Rachel Lambert: forager, author, guide

Japanese knotweed jam recipe

Luscious spoonful of foraged Japanese knotweed

A delectably thick, fruity-flavoured jam which is gorgeous as a layer in Japanese knotweed frangipane or lathered onto toast.

If your not familiar with this as an edible wild food, I highly recommend it for flavour, health benefits and as a way to manage the spread of this invasive plant. Find out more about Japanese knotweed on these blogs; Eating Japanese knotweed and Tricks for making Japanese knotweed edible. Meanwhile, here's the recipe....

Spoonful of foraged Japanese knotweed jam

Japanese Knotweed Jam recipe

To make this recipe you'll first need to make a puree from the knotweed. This is an unembellished, unsweetened ingredient for cake, jam or savoury recipes. The leftover liquid is also perfect for making Japanese knotweed syrup.

Makes 500 g (2 ½ cups)


  • 1 kg (2 lb/10 cups) peeled knotweed, leaves, tops and papery notches removed*, 1-2 cm slices
  • 375 ml (1 ½ cups) water**

Chop the knotweed into 1-2 cm pieces and place with the water in a medium to large saucepan on a medium heat. Bring to the boil then simmer for 15 minutes or until soft and mushy. Mash the pulp a little and if you’re confident it doesn’t contain hard, fibrous parts you can use the puree as it is. If not, press through a colander or large-holed sieve into a large bowl and discard the fibrous pulp left in the colander. Place the smooth pulp in a jelly bag over a bowl and allow the liquid to drip through for an hour. Put the liquid aside for making syrup (see below) and the puree is ready to use or can be frozen until needed.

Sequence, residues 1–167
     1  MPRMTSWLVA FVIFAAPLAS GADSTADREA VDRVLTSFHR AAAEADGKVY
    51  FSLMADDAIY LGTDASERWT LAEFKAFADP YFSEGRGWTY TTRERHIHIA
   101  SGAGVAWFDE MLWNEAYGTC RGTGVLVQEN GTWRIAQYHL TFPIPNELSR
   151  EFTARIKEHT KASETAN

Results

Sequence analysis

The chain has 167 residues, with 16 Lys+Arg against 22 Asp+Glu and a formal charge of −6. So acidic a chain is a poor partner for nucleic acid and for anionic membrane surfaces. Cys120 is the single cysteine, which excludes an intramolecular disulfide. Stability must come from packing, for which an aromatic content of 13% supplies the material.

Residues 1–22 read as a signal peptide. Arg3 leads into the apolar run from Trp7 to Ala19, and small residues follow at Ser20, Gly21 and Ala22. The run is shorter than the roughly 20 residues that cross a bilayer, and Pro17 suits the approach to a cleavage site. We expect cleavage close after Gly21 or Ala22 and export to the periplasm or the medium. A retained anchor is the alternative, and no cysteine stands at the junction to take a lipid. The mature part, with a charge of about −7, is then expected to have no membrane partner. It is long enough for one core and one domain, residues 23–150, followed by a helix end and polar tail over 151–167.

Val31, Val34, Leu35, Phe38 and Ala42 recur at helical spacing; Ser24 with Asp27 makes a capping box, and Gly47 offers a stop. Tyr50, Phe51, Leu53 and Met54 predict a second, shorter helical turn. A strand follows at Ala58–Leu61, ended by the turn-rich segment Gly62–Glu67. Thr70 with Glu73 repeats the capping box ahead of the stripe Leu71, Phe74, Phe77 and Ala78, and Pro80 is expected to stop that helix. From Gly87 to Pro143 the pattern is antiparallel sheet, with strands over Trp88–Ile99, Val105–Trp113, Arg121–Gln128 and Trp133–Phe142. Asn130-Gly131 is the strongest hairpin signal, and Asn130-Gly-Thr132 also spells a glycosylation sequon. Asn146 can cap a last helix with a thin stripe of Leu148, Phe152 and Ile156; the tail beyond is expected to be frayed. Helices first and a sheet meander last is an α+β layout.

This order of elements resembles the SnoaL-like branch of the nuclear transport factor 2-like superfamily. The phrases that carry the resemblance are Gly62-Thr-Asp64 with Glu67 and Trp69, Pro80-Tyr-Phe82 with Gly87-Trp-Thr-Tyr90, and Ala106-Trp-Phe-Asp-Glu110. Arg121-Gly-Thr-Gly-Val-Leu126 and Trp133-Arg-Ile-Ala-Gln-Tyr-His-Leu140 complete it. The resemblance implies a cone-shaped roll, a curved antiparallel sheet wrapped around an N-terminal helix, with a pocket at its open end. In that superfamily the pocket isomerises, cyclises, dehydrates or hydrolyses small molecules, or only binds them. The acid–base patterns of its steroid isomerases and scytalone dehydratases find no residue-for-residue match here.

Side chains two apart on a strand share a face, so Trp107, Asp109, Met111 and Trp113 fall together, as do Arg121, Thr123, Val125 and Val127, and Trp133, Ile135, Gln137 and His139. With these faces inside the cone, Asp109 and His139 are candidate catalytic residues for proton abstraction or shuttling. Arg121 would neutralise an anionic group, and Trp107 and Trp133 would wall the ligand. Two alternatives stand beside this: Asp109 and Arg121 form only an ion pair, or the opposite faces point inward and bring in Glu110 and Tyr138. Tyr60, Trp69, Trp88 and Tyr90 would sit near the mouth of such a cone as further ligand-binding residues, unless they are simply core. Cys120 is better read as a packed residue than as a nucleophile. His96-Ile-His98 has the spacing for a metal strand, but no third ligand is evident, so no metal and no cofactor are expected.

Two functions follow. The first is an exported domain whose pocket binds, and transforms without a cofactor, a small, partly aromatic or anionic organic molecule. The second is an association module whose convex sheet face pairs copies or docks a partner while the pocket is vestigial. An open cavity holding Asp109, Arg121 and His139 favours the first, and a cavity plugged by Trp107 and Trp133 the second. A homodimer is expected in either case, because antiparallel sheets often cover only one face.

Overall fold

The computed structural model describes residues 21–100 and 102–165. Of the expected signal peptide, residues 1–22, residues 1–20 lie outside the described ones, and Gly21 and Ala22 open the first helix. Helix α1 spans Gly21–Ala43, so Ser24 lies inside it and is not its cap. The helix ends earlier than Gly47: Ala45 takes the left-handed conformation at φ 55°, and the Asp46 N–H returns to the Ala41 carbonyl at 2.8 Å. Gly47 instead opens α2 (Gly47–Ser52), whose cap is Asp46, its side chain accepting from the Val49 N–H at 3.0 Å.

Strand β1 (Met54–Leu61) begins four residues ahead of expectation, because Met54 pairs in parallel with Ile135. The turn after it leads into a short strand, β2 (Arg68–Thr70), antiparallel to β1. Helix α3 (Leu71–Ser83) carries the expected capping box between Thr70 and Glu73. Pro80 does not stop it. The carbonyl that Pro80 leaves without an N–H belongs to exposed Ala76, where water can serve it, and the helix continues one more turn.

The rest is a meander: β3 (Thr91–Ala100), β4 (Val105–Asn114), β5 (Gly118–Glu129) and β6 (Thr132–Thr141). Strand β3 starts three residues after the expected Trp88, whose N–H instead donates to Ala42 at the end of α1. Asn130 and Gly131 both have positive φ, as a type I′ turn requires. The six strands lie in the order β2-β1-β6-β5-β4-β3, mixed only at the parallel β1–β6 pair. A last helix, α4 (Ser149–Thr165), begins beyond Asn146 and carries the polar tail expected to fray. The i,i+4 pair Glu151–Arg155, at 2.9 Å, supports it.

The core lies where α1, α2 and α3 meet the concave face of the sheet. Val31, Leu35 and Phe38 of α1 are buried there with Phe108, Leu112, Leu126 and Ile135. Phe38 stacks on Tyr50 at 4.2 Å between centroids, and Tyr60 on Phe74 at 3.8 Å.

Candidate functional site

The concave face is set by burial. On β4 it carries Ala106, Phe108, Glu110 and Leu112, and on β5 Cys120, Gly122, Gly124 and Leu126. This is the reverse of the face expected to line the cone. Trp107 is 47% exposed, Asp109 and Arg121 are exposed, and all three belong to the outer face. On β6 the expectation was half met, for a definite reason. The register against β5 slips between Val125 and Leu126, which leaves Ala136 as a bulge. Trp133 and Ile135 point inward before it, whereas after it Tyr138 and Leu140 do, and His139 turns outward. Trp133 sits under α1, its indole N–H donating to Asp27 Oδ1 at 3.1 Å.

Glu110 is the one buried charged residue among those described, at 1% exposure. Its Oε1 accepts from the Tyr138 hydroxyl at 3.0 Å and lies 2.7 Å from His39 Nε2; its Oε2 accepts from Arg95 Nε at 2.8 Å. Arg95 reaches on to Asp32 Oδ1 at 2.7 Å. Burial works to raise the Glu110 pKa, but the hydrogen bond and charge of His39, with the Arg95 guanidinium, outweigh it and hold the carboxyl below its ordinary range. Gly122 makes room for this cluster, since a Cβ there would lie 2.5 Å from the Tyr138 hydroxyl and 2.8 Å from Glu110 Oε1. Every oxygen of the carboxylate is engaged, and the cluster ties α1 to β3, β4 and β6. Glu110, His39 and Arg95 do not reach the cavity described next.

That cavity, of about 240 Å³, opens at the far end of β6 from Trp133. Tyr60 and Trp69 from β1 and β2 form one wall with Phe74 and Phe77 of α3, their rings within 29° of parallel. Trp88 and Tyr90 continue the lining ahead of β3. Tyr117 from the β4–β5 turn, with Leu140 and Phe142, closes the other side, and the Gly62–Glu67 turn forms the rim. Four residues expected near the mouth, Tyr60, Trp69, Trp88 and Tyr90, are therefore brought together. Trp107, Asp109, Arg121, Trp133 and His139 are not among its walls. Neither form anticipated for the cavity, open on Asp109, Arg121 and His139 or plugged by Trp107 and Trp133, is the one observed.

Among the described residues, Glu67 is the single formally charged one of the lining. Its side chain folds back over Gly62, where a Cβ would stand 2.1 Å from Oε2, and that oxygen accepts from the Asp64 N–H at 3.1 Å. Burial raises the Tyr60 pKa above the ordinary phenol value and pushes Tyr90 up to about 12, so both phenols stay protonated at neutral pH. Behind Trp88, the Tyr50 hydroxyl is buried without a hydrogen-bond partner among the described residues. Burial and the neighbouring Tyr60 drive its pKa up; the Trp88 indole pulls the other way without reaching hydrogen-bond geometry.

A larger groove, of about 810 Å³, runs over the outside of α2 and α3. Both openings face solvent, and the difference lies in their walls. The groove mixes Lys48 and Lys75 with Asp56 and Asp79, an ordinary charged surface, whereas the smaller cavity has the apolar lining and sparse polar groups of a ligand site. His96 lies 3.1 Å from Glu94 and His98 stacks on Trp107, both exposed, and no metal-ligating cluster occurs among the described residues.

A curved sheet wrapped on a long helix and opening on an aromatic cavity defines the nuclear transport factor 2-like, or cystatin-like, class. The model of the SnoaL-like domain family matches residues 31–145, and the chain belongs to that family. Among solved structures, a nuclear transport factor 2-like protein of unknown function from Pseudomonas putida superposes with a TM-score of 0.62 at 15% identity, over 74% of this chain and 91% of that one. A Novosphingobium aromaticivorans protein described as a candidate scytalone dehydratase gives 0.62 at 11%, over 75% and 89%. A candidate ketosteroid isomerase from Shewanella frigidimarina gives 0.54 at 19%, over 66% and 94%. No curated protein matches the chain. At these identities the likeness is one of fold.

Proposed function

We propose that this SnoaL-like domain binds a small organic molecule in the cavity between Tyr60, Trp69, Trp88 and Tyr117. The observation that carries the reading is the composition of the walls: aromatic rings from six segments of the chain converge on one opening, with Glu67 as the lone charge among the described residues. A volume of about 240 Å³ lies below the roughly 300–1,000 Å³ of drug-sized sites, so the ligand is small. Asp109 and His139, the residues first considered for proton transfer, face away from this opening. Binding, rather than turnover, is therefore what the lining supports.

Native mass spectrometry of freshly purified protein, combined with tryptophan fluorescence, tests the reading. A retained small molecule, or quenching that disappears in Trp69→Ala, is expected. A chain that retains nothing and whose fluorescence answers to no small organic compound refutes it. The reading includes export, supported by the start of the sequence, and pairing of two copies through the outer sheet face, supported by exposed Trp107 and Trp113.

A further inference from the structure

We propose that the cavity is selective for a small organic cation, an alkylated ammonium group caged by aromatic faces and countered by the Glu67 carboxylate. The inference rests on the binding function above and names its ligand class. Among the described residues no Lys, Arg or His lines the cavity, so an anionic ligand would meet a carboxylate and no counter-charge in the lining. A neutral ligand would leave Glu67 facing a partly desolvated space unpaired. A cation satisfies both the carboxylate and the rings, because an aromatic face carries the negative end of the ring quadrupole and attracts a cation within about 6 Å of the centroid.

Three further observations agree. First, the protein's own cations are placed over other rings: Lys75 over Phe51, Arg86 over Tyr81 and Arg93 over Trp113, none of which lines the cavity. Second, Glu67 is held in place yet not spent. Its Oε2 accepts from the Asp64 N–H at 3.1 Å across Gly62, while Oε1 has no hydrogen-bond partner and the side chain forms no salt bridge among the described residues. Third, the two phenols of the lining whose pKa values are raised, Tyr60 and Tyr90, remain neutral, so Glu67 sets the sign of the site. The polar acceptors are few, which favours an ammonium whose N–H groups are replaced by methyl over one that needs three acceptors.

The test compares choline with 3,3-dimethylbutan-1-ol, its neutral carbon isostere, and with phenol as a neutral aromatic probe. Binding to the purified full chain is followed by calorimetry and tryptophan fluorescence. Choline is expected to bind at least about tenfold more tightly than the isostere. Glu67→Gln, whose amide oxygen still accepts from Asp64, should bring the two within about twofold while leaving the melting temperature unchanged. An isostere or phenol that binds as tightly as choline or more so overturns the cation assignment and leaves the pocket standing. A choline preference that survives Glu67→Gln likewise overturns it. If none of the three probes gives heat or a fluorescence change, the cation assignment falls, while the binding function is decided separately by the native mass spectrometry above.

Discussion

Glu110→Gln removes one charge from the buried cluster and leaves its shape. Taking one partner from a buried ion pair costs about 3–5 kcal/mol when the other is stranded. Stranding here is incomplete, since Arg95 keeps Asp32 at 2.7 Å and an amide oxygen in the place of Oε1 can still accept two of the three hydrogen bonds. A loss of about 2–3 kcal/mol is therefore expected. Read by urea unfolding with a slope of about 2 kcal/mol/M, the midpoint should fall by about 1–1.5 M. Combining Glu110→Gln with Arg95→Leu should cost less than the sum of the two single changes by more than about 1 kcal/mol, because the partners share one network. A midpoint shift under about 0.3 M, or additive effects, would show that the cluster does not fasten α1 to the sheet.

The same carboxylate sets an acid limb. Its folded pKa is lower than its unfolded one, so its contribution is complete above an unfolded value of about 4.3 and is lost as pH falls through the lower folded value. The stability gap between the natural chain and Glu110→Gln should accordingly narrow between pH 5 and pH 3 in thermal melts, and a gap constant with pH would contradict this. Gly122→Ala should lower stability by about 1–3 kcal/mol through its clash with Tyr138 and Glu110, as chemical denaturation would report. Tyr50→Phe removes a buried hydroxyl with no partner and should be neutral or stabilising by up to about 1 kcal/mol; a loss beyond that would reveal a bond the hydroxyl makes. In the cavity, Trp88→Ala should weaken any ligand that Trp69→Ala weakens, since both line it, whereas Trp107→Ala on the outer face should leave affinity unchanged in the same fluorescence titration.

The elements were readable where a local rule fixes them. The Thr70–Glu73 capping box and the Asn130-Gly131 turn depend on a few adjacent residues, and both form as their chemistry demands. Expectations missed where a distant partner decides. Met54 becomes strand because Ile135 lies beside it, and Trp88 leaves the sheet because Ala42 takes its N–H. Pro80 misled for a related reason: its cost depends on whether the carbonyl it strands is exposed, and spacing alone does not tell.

*The base of Japanese knotweed and outer layer of older stems can be quite fibrous and are best discarded. On younger stems, peel where needed, but most of the outer parts will soften well with cooking and don’t need to be removed.

**If using rhubarb, only add 125 ml (½ cup) of water. The rhubarb shouldn’t need peeling or sieving, though I find it makes 50-100 g less puree.

Luscious spoonful of foraged Japanese knotweed

Japanese knotweed jam

Now you have the puree you can make the jam - it is delectably thick, with a surprisingly fruity-flavoured which is gorgeous as a layer in Japanese knotweed frangipane or lathered onto toast.

Makes 400 g


  • 300 g (1 ½ cups) Japanese knotweed puree
  • 300 g (1 ½ cups) soft brown sugar
Making jam from Japanese knotweed - picked on a wild food course

Place both the puree and sugar in a small pan over a medium heat and bring to the boil while stirring. Allow to bubble for 15 minutes or until it reaches 95°C/200°F, checking that it doesn’t burn. I find the mixture spits a lot, so use a splatter guard or cover with a tipped lid to stop it getting everywhere. It’s ready when dark, thick and drops heavily off the spoon. Store in a sterilised jar or use for Japanese knotweed frangipane.

Luscious spoonful of foraged Japanese knotweed

2 comments on “Japanese knotweed jam recipe”

  1. I enjoy reading, imagining and looking at photos.... still not making the time to make the jams . Look so yummy

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